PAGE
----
Business

Take home pay – changes to watch out for in the new tax year

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Feargal McCormack

QUESTION: What changes can I expect to see in my monthly take home pay as we start a new tax year?

ANSWER: At the start of each new tax year, from April 6, there are changes to minimum wage rates, tax rates and other rates. If you are employed, these changes might affect your ‘take home pay' or ‘net pay' – that is the money that ends up in your bank account when you are paid by your employer.

There are three key changes to be aware of:

1. On April 1 the National Living Wage (NLW) and National Minimum Wage (NMW) rates will increase as follows:

• £9.50 for workers aged 23 and over (up from £8.91 per hour) – this is the NLW

• £9.18 for 21 to 22 year olds (up from £8.36 per hour)

• £6.83 for 18 to 20 year olds (up from £6.56 per hour)

• £4.81 for 16 to 17 year olds (up from £4.62 per hour)

The NMW rate will be £4.81 for apprentices (up from £4.30 per hour). Apprentices qualify for the lower apprentice rate if they are under 19, or still in the first year of their apprenticeship contract.

The new pay rate will only affect your pay from the first full pay period beginning on or after April 1. So from Monday April 4, you should have more money in your pay packet!

2. From April 6, the rate of employee National Insurance contributions (NICs) increase by 1.25 per cent with the introduction of the Health and Social Care Levy. As a result, most employees (unless they are high earners) will pay 13.25 per cent (up from 12 per cent) on their earnings in excess of the ‘primary threshold'.

From April 6 until July 5, the primary threshold will be £190 per week, or £823 per month. You will only pay NICs on wages in excess of the relevant threshold in each pay period but after this point, you will pay 1.25p more in the pound in NIC compared to the previous tax year.

3. Ordinarily, any changes in tax rates, thresholds and allowances would apply from the beginning of the tax year. However, in an unusual turn of events, it was announced in the Chancellor's Spring Statement that the NIC primary threshold would be increased part way through the tax year. On July 6, the primary threshold for NIC purposes will increase to £242 per week, or £1,048 per month. This will mean that the point at which employees start paying NIC will become the same as for income tax. For lower earners this may partially or even fully offset the 1.25 per cent increase and for some, could even mean that they pay less NIC than they did previously.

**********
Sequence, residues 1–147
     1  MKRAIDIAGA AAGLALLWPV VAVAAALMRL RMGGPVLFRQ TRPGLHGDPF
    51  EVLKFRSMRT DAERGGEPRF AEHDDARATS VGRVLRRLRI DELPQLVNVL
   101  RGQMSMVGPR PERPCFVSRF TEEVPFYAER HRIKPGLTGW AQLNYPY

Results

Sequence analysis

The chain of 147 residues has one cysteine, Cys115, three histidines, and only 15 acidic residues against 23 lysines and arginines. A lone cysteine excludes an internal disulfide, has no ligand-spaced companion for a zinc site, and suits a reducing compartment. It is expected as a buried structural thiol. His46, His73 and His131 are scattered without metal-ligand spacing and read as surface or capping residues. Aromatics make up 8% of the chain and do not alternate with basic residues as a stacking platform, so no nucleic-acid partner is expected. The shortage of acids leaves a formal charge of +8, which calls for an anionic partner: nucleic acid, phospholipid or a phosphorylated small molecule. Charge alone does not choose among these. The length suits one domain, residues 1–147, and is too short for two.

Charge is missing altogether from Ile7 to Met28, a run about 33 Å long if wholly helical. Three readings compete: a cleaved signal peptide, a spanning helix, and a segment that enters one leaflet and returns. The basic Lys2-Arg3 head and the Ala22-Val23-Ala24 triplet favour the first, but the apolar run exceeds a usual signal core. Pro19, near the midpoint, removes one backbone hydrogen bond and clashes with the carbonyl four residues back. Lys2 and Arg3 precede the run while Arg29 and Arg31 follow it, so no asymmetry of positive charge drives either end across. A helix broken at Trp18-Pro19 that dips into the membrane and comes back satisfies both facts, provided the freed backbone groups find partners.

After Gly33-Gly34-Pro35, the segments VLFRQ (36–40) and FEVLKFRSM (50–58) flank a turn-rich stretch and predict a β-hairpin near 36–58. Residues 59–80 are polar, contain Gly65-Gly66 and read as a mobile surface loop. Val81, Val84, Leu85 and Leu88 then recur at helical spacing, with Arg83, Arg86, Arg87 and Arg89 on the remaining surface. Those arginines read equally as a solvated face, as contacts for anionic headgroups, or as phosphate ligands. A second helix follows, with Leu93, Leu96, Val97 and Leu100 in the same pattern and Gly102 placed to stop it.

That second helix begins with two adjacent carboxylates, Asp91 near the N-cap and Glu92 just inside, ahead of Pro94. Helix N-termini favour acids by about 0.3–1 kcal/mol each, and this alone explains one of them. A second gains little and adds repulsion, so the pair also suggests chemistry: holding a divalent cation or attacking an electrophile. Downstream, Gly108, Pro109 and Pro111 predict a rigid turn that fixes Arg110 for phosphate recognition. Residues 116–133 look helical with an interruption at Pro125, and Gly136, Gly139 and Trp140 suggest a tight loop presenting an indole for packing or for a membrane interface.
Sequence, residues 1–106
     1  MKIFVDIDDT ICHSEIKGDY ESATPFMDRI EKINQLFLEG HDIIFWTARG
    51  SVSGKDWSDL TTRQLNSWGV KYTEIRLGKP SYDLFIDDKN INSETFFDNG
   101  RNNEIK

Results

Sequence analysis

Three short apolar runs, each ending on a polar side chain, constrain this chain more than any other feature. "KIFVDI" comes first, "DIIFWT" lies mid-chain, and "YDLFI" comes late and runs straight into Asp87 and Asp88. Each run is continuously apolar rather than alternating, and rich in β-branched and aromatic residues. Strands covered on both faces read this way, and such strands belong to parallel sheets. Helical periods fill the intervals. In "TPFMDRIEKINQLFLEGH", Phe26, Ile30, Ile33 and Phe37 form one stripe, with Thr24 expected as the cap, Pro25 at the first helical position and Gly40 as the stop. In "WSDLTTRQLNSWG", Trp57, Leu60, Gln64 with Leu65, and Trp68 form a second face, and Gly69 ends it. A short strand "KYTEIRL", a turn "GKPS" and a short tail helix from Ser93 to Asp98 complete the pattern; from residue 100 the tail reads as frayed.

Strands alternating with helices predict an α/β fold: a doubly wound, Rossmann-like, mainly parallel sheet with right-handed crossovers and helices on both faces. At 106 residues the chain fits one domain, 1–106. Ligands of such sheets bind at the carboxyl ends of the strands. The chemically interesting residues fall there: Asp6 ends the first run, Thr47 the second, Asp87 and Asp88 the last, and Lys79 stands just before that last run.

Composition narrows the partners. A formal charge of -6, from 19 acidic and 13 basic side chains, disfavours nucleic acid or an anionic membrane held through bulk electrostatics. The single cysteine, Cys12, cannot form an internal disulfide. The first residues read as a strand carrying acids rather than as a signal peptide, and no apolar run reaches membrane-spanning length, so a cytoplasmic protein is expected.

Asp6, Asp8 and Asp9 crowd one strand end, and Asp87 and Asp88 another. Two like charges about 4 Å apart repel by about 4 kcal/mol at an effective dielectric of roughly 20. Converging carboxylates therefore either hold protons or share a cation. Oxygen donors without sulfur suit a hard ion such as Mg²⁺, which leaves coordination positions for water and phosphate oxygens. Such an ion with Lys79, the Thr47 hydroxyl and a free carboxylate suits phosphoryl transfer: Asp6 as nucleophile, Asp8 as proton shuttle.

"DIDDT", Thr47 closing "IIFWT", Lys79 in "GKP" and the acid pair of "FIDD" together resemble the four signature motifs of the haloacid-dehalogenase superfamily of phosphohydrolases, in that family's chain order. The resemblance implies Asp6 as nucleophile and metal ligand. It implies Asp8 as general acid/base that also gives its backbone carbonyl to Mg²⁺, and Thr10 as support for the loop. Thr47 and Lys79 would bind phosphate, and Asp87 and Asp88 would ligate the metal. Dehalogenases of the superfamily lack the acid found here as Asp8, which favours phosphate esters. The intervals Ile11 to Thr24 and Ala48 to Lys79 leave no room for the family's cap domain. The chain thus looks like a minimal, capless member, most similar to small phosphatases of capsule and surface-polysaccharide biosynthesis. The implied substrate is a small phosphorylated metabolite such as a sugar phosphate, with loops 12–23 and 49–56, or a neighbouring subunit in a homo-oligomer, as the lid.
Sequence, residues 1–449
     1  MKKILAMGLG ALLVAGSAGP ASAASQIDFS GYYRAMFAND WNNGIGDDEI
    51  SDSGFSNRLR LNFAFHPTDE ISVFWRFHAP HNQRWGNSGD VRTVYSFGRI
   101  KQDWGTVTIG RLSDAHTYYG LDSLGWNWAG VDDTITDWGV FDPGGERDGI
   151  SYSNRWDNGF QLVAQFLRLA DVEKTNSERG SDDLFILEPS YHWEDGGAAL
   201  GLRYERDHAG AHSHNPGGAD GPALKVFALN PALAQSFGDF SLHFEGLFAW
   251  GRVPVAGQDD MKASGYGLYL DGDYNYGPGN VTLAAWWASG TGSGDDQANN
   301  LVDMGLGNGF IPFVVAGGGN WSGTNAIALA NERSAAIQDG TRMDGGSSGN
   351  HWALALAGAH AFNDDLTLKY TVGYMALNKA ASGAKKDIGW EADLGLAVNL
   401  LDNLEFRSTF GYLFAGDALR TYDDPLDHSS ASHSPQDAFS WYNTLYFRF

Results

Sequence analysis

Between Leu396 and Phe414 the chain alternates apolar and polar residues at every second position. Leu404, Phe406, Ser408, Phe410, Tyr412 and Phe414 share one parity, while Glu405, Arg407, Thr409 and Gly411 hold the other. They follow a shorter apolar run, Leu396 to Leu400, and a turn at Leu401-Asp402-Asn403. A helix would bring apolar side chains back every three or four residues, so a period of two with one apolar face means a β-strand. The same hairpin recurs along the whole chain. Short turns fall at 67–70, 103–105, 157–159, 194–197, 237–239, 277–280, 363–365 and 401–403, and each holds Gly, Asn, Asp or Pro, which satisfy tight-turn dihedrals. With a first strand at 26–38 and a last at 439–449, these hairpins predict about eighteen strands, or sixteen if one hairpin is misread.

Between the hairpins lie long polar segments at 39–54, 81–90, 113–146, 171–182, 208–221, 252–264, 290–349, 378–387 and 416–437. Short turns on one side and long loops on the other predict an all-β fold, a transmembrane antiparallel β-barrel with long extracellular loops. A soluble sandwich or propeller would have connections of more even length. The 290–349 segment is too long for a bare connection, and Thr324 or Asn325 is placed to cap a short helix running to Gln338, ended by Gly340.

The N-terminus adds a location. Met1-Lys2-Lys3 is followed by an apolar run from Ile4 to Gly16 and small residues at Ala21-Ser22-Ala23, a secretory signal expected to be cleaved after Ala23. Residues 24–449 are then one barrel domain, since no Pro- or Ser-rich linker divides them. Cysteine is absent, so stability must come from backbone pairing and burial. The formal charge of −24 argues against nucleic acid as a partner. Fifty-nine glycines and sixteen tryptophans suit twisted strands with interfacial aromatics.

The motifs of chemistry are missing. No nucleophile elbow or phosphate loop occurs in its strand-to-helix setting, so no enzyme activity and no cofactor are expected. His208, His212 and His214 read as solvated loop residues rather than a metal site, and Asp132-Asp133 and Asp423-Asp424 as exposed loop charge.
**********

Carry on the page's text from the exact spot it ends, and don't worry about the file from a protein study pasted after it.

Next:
On the reverse side to the changes coming into force, there are also some things staying the same – in particular, the main rates and allowances for income tax are remaining the same for the duration of the new tax year. The personal allowance for income tax will continue to be £12,570, with no inflationary increase, which means that if you receive a pay increase, this could result in you paying more tax in real terms.

Also remaining the same is the threshold at which you start having pension contributions deducted from your pay under auto-enrolment (£120 a week or £520 a month). The contribution rate also remains at 8 per cent overall. Previously the threshold was aligned with the Lower Earnings Limit for NIC, which is £123 per week in 2022/23 Freezing the auto-enrolment threshold at £120 per week means that you will pay slightly increased pension contributions.

As an employee, it is always a good idea to check your payslips to ensure you receive the correct level of wages and pay the correct amount of tax and NIC.

:: Feargal McCormack (f.mccormack@pkffpm.com) is managing director of PKF-FPM Accountants (www.pkffpm.com). The advice in this column is specific to the facts surrounding the question posed. Neither the Irish News nor the contributors accept any liability for any direct or indirect loss arising from any reliance placed on replies.

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